Now more than ever, there is a real opportunity for our economy to come back stronger. And if that is going to happen, small businesses must continue to be the driving force they’ve always been. That means that we need people to be risk takers and start their own businesses or grow their existing businesses. If you’re ready to tap into the entrepreneurial spirit that is our nation’s beating heart, we want you to know that you won’t be alone. Help is here through the SBA.
We have many tools available to help you find access to capital and unlock new revenue streams, including tapping into the $539 billion federal marketplace, and we have counseling services that will help you map out your path to success. Go to SBA.gov to find your SBA district office, your local SBDC, your local SCORE counselor, your local Women’s Business Center, or your local Veterans Business Outreach Center—or the myriad other resource centers affiliated with the SBA—and plug into the powerful and vast networks and resources that are available. We’re here to make your dream a reality.
Buttle: Given the unique circumstances, do you see the SBA playing a new or more innovative role over the next four years?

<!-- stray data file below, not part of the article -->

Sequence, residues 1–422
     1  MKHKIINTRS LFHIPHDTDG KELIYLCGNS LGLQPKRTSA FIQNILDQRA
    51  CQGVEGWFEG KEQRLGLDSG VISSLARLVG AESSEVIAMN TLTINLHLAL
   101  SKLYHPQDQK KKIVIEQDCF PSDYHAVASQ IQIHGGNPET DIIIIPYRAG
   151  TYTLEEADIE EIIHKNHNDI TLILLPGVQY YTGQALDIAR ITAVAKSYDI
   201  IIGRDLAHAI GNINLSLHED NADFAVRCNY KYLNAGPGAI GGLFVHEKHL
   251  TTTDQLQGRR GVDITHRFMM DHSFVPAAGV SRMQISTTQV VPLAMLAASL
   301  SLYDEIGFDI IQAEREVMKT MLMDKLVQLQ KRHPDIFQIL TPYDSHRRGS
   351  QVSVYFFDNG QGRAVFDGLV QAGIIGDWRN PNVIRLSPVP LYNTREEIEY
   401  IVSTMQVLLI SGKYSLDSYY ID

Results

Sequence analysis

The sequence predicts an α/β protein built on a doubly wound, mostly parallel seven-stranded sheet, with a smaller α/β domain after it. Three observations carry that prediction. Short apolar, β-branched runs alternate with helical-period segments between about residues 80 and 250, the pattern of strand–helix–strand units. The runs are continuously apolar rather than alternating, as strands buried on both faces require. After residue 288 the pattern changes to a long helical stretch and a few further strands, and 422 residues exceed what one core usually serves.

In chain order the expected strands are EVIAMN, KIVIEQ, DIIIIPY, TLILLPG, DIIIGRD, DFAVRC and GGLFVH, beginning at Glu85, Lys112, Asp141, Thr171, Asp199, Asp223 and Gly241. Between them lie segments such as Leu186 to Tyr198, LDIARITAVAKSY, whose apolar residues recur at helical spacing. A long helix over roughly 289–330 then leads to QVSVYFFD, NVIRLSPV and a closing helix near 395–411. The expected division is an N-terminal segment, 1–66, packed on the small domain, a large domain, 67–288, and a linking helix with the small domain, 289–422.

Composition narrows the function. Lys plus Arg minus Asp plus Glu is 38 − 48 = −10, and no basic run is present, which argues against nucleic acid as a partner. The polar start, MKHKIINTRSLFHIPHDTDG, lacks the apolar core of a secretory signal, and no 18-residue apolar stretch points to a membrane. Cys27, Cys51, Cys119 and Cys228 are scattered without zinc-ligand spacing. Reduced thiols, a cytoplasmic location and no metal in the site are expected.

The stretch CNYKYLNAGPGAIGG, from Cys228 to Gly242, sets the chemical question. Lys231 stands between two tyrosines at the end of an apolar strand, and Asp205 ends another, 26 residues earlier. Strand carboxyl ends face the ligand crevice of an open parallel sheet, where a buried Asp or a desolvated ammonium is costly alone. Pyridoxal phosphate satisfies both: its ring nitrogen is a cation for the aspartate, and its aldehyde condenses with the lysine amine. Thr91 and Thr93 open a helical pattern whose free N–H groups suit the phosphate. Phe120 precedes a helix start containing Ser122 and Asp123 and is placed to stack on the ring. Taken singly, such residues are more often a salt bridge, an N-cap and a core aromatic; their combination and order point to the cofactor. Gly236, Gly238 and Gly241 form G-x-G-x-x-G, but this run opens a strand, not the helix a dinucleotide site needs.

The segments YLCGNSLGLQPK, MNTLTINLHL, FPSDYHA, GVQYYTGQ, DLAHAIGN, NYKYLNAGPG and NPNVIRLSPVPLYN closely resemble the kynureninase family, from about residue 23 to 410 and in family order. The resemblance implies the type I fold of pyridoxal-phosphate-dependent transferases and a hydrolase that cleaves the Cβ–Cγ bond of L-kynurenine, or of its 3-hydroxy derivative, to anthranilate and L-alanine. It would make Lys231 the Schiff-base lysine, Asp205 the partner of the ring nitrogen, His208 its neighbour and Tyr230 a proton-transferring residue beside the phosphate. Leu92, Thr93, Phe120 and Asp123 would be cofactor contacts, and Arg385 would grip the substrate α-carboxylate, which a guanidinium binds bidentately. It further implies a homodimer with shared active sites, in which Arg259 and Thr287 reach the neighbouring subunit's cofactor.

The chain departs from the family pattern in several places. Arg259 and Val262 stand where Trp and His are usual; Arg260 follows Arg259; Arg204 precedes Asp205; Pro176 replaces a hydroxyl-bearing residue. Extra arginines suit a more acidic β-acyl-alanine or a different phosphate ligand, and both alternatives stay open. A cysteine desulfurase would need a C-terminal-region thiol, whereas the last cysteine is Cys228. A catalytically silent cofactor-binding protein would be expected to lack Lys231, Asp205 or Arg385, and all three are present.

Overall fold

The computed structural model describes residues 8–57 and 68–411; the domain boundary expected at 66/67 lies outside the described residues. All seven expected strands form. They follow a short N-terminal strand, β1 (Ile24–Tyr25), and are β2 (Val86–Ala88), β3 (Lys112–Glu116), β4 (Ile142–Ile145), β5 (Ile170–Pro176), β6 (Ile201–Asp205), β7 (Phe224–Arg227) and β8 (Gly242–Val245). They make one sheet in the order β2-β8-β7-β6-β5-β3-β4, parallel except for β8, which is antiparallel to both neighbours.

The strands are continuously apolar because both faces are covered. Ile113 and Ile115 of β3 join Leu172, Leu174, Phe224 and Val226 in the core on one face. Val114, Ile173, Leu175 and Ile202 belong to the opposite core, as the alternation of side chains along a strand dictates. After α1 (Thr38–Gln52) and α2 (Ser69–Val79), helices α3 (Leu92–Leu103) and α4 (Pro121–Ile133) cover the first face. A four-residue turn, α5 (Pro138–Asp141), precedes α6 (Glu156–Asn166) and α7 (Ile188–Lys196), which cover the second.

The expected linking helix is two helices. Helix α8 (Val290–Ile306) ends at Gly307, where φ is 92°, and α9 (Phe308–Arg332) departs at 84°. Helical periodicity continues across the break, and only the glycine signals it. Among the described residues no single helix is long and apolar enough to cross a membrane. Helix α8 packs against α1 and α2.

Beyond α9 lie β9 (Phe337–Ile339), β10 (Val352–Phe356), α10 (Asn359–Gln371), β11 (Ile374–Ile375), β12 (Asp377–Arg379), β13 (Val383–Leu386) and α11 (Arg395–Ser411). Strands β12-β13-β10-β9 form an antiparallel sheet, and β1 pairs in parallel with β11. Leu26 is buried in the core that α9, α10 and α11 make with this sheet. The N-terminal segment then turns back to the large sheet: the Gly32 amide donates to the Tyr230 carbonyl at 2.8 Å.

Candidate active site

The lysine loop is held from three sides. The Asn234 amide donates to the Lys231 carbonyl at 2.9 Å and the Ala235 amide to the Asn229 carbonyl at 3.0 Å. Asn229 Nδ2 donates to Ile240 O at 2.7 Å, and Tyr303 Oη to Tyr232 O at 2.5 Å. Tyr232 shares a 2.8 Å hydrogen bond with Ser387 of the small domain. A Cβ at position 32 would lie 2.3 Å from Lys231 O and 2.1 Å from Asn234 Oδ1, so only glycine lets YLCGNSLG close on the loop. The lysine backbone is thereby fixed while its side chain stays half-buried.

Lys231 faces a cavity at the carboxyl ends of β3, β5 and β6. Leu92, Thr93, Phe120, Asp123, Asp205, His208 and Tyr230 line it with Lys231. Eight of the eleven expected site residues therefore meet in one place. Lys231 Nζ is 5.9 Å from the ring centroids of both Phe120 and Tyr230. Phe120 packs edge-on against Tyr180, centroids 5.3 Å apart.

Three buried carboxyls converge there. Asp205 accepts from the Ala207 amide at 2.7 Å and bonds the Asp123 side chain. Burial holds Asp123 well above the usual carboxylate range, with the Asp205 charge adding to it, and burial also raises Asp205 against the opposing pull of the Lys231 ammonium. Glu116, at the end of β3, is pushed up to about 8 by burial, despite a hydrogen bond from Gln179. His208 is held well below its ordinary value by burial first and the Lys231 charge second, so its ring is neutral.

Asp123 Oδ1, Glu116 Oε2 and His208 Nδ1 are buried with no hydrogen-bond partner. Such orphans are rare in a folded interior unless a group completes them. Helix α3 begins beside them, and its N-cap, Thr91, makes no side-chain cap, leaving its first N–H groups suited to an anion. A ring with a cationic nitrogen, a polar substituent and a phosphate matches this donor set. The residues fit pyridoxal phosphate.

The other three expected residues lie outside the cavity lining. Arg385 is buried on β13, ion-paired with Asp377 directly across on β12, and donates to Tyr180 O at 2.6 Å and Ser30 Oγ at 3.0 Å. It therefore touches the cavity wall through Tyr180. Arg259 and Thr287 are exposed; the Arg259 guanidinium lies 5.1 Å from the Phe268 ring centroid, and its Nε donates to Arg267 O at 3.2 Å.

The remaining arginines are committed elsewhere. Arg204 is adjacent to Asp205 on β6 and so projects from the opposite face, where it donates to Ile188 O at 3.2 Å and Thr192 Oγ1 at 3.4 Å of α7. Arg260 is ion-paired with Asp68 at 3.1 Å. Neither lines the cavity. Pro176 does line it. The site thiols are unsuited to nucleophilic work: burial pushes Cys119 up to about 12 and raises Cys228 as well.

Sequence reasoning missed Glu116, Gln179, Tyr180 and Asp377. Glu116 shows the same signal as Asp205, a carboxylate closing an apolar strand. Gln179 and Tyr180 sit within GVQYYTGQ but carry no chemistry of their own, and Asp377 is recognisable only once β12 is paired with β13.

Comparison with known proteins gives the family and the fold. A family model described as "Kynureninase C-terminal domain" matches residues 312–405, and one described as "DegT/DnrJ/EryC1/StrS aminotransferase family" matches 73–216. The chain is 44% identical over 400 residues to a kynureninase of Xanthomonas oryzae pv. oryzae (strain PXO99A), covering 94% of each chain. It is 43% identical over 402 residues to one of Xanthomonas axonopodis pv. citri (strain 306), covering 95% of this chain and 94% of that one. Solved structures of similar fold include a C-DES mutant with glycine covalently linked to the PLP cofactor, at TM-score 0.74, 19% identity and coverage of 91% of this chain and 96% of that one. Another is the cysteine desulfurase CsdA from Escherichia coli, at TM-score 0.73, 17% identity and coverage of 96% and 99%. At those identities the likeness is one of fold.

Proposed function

Guzman: The SBA has changed tremendously over the course of the pandemic. We’ve already delivered approximately $900 billion in economic aid to America’s entrepreneurs, small businesses, and nonprofits. That’s nearly $1 trillion to help our nation’s small businesses weather this pandemic and the resulting economic crisis. We’re reaching more small businesses than ever before. And I’m committed to working diligently to help ensure that this historic level of recovery funding will bring businesses back, create jobs, and grow an equitable economy that works for everyone.
I’m also committed to making sure that the SBA meets our small businesses—and the diversity they represent—where they are. Since this pandemic began, we’ve been asking our entrepreneurs to pivot and adapt to the new Covid-19 marketplace. If the SBA is going to meet the needs of our nation’s small businesses, then we have to do the same.
How we pivot and grow will determine not only our future, but the future of our emerging entrepreneurs and America’s economy. That means looking at all our programs through an inclusive lens, focusing on customer-centric design, and powering the SBA with technology to make sure we are building resources and support networks that work for everyone. I’m committed to being a good steward and using innovation and collaboration to help strengthen the newly scaled SBA so that it can help make all entrepreneurial dreams come true for all of America’s entrepreneurs.
Buttle: Anything you want to add?
Guzman: Small businesses are critical to our economic recovery, and I am working hard to help America’s small businesses start, grow, and be resilient. But they are facing unprecedented challenges and need our full engagement and support to survive and thrive again. I want small businesses to be recognized and feel like the giants they are in our economy. I will act as their voice every day and work hard to ensure that happens.
This story originally appeared on Forbes